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Well, not exactly. But it's a wonderful idea! We've only got a week before SBIR fades away or gets extended -- again.

What the Senate did do this week is call upon the SBA to swiftly implement the allocated funds for the Federal and State Technology (FAST) Partnership that provides funding for SBIR outreach support for the States. Senators Mary Landrieu (D-LA) and Olympia Snowe (R-ME) co-signed a letter from the Senate Small Business and Entrepreneurship Committee to Karen Mills, SBA Administrator, requesting a schedule by February 12th for the implementation of FAST. View the official Press Release about the letter HERE.

Now, why push for FAST implementation when SBIR's Reauthorization hangs undone? Is this a signal that we can expect some action next week before it expires? I think so. I hope so.
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We've written quite a bit in the past about the challenges and opportunities facing journalism, a subject which of course is near and dear to our hearts.

New models are emerging. Traditional players are fading away. And entrepreneurs are trying to fill the gaps. Those trends were on full display today when The New York Times announced plans to roll out a new payment system for its Web site beginning next year. The Times -- the number one newspaper Web site in the country -- plans to allow readers to access a select number of stories for free each month before enacting a flat fee.
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I'm a big proponent of fostering more connections between students at Boston-area schools and the companies that make up our innovation economy. Unfortunately, many MBA students tend to have an opportunity to participate in "tech treks" to Silicon Valley, while they aren't as likely to spend time with interesting businesses a few miles from campus.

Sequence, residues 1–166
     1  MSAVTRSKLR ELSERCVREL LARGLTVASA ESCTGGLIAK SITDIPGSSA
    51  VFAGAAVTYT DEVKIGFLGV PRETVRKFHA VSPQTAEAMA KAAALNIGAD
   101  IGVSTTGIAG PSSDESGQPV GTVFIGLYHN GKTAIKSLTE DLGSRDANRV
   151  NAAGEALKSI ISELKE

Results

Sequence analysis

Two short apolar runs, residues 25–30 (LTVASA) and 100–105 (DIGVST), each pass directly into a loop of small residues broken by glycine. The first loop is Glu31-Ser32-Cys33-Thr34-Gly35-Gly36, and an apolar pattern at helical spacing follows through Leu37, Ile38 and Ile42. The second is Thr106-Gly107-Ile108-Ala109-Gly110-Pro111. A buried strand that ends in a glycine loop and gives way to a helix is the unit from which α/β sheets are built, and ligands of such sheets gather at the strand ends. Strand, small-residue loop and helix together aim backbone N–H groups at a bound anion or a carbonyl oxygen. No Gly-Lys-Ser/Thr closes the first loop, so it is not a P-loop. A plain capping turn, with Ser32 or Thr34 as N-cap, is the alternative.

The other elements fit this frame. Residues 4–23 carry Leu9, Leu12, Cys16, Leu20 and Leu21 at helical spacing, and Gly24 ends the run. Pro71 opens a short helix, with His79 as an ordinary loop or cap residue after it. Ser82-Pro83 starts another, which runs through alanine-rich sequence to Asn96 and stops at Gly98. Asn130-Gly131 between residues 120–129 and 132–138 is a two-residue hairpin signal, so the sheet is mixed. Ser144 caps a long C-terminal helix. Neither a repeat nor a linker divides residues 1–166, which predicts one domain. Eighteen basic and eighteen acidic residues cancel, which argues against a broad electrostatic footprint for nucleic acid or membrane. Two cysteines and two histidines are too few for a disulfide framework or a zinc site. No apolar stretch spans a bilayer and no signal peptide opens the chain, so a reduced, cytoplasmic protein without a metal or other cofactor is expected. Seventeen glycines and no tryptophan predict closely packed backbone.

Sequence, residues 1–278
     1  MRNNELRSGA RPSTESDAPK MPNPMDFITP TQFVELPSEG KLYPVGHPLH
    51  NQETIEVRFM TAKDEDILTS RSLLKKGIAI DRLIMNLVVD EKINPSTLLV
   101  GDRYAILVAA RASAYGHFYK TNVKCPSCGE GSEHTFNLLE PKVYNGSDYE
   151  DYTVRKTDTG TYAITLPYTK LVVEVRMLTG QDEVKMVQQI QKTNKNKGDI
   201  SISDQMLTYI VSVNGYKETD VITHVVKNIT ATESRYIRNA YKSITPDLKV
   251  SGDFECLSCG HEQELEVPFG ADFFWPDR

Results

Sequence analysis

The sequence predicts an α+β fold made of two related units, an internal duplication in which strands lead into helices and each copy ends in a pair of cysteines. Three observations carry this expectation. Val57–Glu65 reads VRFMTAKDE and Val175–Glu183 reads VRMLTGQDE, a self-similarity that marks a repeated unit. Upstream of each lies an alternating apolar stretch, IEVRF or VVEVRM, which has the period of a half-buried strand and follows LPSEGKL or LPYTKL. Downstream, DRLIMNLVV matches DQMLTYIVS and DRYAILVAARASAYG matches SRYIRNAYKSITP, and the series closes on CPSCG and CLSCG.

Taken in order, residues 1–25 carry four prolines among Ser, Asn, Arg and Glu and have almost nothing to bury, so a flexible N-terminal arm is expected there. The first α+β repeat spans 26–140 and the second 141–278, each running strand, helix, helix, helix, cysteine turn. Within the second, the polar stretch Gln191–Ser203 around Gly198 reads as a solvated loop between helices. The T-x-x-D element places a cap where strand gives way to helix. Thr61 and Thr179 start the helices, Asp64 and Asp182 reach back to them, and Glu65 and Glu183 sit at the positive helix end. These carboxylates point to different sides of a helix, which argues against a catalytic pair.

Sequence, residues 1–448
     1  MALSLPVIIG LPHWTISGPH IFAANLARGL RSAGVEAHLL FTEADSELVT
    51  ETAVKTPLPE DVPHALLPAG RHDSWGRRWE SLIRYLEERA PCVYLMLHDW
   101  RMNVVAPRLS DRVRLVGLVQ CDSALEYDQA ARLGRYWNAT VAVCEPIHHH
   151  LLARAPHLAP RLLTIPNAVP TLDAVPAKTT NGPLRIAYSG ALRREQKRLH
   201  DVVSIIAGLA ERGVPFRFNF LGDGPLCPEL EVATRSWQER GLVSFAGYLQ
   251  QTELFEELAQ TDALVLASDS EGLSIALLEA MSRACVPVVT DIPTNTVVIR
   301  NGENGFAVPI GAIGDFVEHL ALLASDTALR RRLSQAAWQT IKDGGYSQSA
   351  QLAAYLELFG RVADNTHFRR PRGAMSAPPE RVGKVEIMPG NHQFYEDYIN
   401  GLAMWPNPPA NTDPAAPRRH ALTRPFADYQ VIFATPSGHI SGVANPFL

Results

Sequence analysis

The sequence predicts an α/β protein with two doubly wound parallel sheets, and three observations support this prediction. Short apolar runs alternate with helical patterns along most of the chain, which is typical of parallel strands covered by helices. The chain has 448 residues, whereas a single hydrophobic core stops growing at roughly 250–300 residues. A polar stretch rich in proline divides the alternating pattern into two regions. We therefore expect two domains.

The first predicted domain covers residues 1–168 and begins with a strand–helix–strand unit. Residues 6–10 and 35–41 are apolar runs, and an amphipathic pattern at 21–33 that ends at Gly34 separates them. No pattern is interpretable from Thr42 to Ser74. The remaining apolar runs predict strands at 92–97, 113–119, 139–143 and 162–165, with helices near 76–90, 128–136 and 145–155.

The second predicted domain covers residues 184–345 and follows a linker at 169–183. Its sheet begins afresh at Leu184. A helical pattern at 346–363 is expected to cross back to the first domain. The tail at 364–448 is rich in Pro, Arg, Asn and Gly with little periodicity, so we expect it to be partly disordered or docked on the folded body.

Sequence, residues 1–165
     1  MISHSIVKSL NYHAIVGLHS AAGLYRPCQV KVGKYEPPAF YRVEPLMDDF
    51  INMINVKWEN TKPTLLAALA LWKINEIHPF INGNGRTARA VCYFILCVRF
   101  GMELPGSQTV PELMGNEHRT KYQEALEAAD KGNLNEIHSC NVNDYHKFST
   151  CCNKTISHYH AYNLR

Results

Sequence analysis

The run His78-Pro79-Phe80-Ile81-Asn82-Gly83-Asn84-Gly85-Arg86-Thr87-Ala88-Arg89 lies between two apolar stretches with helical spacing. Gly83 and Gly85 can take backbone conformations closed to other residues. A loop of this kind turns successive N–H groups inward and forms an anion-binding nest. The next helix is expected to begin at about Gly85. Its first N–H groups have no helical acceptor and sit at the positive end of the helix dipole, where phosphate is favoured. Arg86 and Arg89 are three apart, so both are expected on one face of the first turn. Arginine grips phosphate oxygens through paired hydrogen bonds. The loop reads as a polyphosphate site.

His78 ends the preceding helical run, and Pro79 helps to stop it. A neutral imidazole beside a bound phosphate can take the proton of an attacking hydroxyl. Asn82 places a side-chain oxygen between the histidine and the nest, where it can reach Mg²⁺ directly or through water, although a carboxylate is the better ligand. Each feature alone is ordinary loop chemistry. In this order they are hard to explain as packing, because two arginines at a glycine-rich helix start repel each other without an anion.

MIT's Sloan School of Management is one of the few that has consistently given students a chance to visit local companies, but Harvard Business School is joining in this year. Fifty students are participating this week in an IXP ("Immersion Experience Program") that will take them to various Boston companies and venture capital firms.
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How well are you making use or your time daily? Are you always productive? There are many people wanting to know how to become more productive. I came up with 10 ways that you can become more productive with your day. Let’s see if you do any of these things. These 10 ways are in no particular order.

1. Exercise!! We all get stressed with our jobs. Whether your stuck in a cubicle for 8 hours or work from home like I do, we all obtain stresses in our lives. Exercise improves mental health so you can deal with future stress in a better way. Physically fit people tend to have lower rates of anxiety and depression than sedentary people. Most people that are stressed sit at a desk.